During the summer Gen. Victor Collot visits Illinois country and later records his impressions in the book A Journey in North America which includes his map of the “American Bottom” [see image].


In early May John Kinzie arrives from St. Joseph on horseback. With him are his wife, Eleanor, their son, John Harris, aged six months, and Eleanor’s daughter, Margaret. Kinzie purchases the Point de Sable estate from Lalime and Burnett.

In the autumn the United States Indian Agency opens its first office at Fort Dearborn, with Indian agent Charles Jouett in charge. An attorney by training, Jouett becomes Chicago’s first lawyer. He brings his wife, Eliza, and they will live in the agency house soon to be built by the soldiers.

On November 3, the Treaty of St. Louis is concluded between the United States and various leaders of the Sauk and Fox tribes, resulting in cession to the government of 14,803,500 acres of land in Missouri, Illinois, and southern Wisconsin. The Indians receive in return $22,234 and the right to live on the land as long as it is owned by the government. Later this treaty will be bitterly denounced as unfair by the Sauk leader Black Hawk, and his defiance will lead to the Black Hawk War in 1832, involving Fort Dearborn and Chicago.

In early November John Kinzie, recently appointed justice of the peace, performs the first marriage ceremony at Chicago for James Abbott and Sarah, Captain Whistler’s daughter, in the rude and unfinished fort. Abbott, a young Detroit merchant, journeys to the fort to marry; afterward the couple immediately ride back to Detroit.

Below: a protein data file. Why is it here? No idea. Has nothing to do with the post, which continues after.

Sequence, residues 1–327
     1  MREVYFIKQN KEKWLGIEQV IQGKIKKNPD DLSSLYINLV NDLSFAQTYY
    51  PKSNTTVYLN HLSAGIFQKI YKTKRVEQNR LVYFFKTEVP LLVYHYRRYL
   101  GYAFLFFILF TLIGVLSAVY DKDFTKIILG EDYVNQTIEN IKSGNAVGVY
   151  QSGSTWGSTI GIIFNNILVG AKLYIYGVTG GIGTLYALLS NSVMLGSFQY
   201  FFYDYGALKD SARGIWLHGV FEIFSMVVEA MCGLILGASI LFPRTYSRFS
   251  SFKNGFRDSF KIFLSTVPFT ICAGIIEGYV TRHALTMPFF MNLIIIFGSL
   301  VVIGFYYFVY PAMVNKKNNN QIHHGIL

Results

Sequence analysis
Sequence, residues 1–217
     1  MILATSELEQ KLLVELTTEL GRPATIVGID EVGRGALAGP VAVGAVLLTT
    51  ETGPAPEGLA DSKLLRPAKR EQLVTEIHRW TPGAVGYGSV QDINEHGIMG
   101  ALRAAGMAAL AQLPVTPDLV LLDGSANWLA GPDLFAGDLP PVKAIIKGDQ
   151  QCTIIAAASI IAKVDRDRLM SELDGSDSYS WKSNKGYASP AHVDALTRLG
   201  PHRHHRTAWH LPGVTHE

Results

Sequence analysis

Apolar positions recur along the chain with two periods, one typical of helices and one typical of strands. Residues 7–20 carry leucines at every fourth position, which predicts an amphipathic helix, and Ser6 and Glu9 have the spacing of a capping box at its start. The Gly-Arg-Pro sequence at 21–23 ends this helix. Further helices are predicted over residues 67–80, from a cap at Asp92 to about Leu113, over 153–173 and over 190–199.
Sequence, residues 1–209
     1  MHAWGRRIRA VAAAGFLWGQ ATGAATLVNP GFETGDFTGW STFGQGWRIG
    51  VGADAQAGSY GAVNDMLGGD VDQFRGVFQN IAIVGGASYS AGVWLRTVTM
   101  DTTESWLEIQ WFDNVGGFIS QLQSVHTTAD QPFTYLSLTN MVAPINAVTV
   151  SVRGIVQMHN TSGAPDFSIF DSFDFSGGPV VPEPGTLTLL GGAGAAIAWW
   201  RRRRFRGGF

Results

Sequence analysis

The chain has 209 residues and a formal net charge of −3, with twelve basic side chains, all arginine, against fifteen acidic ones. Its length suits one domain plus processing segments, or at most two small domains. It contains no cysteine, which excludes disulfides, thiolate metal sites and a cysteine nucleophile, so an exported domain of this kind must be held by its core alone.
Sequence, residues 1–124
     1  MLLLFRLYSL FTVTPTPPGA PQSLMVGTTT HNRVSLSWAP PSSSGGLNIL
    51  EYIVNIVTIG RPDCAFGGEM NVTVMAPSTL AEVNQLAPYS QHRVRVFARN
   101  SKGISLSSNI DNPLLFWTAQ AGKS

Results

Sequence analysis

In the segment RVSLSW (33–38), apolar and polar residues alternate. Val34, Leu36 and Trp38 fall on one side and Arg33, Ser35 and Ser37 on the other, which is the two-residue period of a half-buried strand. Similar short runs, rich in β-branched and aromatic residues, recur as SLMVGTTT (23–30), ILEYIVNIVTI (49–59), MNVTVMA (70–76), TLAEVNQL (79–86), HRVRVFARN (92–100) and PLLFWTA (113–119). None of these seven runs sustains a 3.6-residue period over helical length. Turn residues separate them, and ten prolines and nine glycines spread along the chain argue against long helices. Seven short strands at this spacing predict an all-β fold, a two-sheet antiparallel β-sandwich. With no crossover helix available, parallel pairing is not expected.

On December 27 Ellen Marion Kinzie, the first known child of European descent, is born at Chicago, the daughter of John and Eleanor Kinzie.


The first U.S. factor, Ebenezer Belknap, arrives early in the year and remains until December.

In the spring Col. Jacob Kingsbury stops shortly at Fort Dearborn with a company of troops on his way to superintend the establishment of Fort Belle Fontaine, near the mouth of the Missouri River.

The first U.S. Indian Agency house is built by the Fort Dearborn soldiers on the south bank of the river, immediately west of the fort.

In the autumn Meriwether Lewis Whistler, son of Lt. William and Mrs. Mary Julia Whistler, becomes the first known boy child of European descent born at Chicago.


Captain Whistler struggles to keep the garrison adequately supplied in the spare wilderness; see his following letter to Secretary of War Gen. Henry Dearborn:

Fort Dearborn 6th Jany 1807